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Assessing and promoting civil and minority rights in South Africa.

Violent Crime

[Source: The Economist.]

After a spate of murderous attacks in Durban and Johannesburg on migrant workers from neighbouring countries, South Africa badly needs to improve its image on the continent. And at the level of gestures and rhetoric, it is trying to do exactly that. On a visit to Mozambique last month President Jacob Zuma apologised for the violence by a “small minority” of his compatriots which had cost the lives of three people from that country. Then he organised “Africa Day” celebrations in Pretoria, commemorating the creation of a precursor to the African Union (AU) in 1963. Meanwhile, the home-affairs department hastily devised a competition to showcase the merits of “outstanding migrants”; and on June 7th Johannesburg will host an AU summit, where much talk of transcontinental solidarity will doubtless be heard. Read more

[Source: Business Day Live by Setumo Stone.]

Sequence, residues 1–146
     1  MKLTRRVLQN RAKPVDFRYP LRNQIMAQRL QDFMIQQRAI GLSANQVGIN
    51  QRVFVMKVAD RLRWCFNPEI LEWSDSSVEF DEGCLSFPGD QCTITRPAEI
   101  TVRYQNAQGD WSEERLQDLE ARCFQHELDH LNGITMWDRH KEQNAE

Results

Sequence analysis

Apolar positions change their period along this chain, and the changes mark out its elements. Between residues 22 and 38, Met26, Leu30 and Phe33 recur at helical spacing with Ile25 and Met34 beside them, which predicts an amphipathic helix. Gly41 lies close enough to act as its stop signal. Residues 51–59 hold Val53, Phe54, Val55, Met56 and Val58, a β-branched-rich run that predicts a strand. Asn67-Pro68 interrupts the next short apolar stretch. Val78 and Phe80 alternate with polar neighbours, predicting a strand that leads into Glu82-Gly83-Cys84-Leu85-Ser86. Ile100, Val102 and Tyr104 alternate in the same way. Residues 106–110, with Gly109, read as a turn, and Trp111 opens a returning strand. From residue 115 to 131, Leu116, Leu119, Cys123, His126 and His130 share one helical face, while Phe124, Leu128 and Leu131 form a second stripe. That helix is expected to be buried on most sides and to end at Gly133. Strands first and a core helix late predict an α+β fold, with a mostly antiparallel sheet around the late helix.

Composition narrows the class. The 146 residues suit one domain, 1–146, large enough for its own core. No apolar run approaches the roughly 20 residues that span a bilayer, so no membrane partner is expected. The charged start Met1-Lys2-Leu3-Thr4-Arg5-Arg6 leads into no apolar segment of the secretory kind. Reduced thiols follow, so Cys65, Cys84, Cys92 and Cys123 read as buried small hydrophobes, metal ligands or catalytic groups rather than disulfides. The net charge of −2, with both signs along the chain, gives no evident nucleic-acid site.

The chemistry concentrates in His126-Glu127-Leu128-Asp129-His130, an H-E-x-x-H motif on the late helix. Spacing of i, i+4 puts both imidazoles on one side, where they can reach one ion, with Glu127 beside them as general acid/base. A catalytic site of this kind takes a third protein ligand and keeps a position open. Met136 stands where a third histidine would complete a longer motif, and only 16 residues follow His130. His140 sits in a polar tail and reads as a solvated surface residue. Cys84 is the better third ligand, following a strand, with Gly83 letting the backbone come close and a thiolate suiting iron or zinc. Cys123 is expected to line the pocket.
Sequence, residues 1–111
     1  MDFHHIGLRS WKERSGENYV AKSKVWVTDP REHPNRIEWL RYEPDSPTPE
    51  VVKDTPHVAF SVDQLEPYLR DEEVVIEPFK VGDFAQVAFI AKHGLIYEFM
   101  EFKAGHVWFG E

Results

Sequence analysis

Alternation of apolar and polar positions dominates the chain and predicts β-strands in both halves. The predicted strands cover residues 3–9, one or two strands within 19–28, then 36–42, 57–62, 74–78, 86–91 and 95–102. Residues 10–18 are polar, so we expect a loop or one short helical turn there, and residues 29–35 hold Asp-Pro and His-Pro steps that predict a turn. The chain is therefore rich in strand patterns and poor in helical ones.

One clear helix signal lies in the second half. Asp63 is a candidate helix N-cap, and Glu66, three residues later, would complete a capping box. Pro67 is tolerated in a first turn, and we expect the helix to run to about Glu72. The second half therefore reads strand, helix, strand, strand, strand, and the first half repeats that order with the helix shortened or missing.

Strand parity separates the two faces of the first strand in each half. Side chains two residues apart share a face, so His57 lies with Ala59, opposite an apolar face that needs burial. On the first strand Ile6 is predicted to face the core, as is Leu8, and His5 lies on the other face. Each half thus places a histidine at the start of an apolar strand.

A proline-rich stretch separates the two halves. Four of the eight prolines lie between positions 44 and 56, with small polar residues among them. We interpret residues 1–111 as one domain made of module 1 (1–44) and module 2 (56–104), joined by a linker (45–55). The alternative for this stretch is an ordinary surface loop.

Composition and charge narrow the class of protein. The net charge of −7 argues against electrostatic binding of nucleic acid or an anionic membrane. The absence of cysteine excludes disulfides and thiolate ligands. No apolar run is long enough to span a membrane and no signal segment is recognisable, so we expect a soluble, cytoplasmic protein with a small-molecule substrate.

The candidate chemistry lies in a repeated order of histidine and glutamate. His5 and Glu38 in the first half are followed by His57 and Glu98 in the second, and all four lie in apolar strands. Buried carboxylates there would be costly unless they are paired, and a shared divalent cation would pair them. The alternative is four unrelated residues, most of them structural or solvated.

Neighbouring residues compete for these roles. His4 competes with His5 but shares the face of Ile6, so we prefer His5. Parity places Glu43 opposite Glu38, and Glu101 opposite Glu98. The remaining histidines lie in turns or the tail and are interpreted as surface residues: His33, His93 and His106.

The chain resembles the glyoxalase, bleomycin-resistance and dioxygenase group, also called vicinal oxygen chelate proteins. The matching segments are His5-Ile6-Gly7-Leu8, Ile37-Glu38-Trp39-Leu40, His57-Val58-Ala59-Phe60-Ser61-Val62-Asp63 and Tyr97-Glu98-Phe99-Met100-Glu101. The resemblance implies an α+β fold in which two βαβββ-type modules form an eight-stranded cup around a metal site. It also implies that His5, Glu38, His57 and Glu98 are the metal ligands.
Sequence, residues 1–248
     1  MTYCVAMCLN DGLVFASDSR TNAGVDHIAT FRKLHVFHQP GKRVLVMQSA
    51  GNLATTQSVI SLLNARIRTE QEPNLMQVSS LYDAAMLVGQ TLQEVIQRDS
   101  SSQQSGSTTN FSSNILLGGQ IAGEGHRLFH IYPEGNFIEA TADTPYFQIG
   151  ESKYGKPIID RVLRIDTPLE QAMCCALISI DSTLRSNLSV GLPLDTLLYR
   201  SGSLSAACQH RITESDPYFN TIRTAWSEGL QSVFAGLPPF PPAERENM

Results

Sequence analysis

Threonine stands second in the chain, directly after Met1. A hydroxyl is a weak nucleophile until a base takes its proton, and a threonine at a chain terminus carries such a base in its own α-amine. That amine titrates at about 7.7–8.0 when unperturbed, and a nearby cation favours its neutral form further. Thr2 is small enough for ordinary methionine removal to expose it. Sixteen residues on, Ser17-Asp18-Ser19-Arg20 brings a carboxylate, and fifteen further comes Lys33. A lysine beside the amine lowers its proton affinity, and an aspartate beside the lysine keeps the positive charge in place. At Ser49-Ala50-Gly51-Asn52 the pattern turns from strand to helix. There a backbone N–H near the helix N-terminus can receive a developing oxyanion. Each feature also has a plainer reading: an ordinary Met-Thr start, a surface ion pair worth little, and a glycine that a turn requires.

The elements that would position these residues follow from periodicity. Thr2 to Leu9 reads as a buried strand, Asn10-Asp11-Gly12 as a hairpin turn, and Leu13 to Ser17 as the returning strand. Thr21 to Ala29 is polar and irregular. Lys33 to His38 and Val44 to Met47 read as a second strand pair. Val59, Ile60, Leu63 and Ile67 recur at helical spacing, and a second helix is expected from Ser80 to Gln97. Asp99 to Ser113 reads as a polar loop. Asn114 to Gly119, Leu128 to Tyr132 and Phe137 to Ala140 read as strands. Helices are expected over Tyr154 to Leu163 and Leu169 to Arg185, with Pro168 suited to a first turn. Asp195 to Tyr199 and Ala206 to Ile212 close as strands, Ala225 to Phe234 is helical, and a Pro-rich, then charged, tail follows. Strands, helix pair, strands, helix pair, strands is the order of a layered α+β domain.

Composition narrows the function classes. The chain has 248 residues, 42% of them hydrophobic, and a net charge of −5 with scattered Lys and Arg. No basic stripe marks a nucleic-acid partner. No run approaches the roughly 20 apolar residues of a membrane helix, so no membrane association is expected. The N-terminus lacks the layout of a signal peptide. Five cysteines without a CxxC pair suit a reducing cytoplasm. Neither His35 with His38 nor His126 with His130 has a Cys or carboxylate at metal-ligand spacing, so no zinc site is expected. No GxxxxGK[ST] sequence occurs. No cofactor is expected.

The appalling service by the police is often lamented in crime-ridden SA.  But recently it’s not just the ordinary members who have been in the spotlight. Senior police officials are caught up in a web of allegations, including criminal conduct, which has tainted the investigating and supporting units. It appears there are bad officers who exercise enormous power.

And the rot seems to start at the top. Read more

[Source: Mail & Guardian by Heribert Adam, Kogila Moodley.]

The responses to the January 2015 looting of foreign-owned shops in Soweto and in April in Durban’s central business district and elsewhere reveal more about the South African national consciousness than the events themselves. The ritual condemnations, the initial denial of xenophobia while labelling it criminality, blaming victims and the convoluted excuses of perpetrators are almost worse than the official silence and long-standing passivity about well-known xenophobic attitudes. When the president insists that “South Africans in general are not xenophobic”, he ignores all surveys (such as Afrobarometer’s) showing that a vast majority distrusts (black) foreigners, wishes to restrict their residence rights and prohibits the eventual acquisition of citizenship. Read more

South Africa at a Glance
58 780 000 (mid 2019 estimate)
4.1% y/y in March 2020 (CPI) & +4.5 y/y in February 2020 (PPI)
-1.4% q/q (4th quarter of 2019)
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